Women in Power Share Tips & Mantras
Businesswomen who have it all tell how to have it all."
Get yourself in print.
You have to be a little provocative.
Take some risk. It's scary - but just do it.
You gotta be creative.
You can have it all.
Women are not men in skirts.
It's all about what makes you happy.
These and dozens of other mantras, practical tips and a dollop of gentle male-bashing banter were shared by a panel of four successful women entrepreneurs on Wednesday with an audience of 200 women at the Westport Woman's Club.
The theme was "Living on Purpose: The Foundations for Successful Business Building in Today's Market."
Westport-based Women in Power sponsored the event to bring together women operating small businesses for networking and to share expert advice in how to lead a successful business in tough economic times.
"Our business models have been challenged these past couple of years,"said Dr. Ellen A. Mahony, a Westport plastic surgeon who started Women in Power with three friends, Carolina Fernandez, Margaret Wagner and Lisa Wexler, a year ago.
"We're here to help each other," Mahony said.
According to WIP's slogan, "with knowledge and confidence comes power."
The four panelists shared stories of their own career paths.
Panelist Kathy Caprino, a career coach and author of "Breakdown, Breakthrough," spoke of embarking on a second career after being profoundly unhappy in a corporate job that appeared to be rewarding superficially.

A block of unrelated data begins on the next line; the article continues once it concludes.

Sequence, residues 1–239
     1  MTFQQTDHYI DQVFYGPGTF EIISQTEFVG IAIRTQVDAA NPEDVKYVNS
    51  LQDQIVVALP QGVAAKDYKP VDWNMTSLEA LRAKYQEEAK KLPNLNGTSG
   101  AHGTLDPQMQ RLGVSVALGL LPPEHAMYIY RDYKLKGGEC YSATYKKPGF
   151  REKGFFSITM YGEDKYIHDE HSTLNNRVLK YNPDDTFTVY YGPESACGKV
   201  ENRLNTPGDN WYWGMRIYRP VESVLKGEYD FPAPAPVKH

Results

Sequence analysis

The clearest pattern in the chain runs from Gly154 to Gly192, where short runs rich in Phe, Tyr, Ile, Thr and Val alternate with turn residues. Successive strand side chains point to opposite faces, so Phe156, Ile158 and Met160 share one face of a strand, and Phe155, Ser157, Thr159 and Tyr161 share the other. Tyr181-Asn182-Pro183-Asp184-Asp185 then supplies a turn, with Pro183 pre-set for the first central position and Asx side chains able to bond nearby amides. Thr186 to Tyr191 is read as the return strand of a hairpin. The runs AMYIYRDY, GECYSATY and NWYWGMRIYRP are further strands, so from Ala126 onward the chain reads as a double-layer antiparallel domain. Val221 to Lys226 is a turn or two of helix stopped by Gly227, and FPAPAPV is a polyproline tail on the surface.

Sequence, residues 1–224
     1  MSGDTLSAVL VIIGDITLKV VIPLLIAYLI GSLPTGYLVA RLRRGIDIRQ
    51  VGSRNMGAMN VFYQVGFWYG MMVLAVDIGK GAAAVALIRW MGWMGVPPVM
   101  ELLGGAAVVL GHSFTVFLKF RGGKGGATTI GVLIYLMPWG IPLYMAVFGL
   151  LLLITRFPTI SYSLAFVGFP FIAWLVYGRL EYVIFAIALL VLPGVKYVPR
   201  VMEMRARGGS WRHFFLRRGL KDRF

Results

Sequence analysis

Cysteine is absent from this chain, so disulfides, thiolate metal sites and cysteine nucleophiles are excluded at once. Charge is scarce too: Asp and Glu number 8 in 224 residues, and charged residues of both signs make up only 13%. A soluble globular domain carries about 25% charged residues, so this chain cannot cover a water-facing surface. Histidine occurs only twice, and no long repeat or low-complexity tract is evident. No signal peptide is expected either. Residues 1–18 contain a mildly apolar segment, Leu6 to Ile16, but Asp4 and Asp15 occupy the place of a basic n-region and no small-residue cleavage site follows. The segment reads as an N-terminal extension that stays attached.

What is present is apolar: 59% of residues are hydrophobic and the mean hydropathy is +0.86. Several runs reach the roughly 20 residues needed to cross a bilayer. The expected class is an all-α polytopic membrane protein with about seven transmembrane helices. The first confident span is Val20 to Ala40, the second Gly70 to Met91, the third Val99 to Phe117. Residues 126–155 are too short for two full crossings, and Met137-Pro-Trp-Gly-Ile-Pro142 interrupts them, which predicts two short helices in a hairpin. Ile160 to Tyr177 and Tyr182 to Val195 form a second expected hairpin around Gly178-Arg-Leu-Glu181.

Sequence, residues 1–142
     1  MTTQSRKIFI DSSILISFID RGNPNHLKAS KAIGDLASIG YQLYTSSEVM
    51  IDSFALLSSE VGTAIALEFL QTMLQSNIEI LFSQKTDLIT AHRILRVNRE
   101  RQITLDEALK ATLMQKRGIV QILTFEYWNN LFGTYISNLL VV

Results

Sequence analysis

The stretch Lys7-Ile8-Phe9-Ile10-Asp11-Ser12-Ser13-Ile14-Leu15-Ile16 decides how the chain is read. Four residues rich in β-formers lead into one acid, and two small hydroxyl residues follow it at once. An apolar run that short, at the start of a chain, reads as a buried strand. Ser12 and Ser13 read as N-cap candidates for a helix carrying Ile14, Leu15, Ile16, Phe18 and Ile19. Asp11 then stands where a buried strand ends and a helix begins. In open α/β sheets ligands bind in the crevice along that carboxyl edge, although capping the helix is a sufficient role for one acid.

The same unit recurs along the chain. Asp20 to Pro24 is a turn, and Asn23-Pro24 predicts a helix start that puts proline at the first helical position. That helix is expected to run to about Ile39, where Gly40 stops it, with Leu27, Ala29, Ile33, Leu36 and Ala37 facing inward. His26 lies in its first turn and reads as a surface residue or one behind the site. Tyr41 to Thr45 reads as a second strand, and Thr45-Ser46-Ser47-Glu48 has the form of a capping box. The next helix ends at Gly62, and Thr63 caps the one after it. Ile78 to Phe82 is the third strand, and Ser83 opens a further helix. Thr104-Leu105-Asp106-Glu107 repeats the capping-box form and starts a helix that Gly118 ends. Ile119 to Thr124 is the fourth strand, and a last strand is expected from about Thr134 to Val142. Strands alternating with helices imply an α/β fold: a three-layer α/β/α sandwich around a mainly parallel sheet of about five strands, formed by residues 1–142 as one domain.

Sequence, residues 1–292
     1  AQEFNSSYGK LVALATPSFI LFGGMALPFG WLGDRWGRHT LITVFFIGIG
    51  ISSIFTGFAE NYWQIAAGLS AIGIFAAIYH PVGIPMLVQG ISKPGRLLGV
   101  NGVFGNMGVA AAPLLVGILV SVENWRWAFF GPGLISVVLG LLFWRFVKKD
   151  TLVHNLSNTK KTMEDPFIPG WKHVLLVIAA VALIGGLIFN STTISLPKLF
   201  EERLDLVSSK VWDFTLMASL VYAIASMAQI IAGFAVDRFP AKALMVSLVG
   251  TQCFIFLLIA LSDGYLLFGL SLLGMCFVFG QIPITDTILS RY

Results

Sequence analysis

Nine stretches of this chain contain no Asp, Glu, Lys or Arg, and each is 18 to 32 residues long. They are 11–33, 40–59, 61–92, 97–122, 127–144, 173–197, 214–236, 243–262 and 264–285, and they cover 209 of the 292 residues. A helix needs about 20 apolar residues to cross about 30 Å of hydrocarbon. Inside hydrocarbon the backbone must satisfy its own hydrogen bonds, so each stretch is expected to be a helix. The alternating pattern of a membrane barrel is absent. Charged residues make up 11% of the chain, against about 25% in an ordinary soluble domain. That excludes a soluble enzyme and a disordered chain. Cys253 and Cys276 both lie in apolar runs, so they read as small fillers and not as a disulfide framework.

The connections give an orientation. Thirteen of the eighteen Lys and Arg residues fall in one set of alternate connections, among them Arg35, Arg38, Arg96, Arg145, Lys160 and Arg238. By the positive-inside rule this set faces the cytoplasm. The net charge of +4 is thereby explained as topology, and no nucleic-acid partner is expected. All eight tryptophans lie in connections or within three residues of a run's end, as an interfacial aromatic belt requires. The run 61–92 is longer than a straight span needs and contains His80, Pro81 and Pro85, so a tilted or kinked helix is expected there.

"I realized I was leaving my children for something completely meaningless," she said.
After deep soul-searching, she emerged from an emotional breakdown and resolved to pursue a passion: helping other women in transition such as hers.
"It felt like an epidemic and I wondered why I was attracting misery," she said.
She attributes the feeling to difficulties she said women often have conforming to "a white male model driven to give face time full time, kicking butt in his 30s and being motivated by rewards of power and money."
Caprino said that model doesn't allow time for the demands of mothering nor take into account what she said was women's tendency to be perfectionists at all tasks.
"Be perfect at what you passionately care about," she said, and strike a balance with everything else.
When panelist Kathy McShane started her own marketing business, the Kendrew Group, she insisted on hiring women who could work half-weeks and thus be available to balance careers with childraising and also respect her needs as a working mother.
Panelist Diane DiResta, a public speaking and communications consultant, is the author of "Knockout Presentations: How to Deliver Your Message with Power, Punch and Pizzazz."
Halfway through the program, she directed the 200 women in the audience to spend three minutes networking with each other.
Soon the hall was abuzz with purposeful conversations and exchanges of business cards.
The exercise was so successful that WIP member-moderator Lisa Wexler, an attorney-turned radio personality, was challenged to end it.
"Women are excellent networkers," DiResta remarked.
Anne Evans, Connecticut's droll district director of the U.S. Chamber of Commerce and herself a successful businesswoman, encouraged everyone to look into federal funding available for "women certified business."
Evans said she won a $700,000 government contract as a businesswoman selling tires globally under that program.
Evans' personal mantra?
"I never say no," she said. "It's a choice you make. It's all about what makes you happy."
Westport Patch, by Nancy Burton. westport.patch.com/users/nancy-burton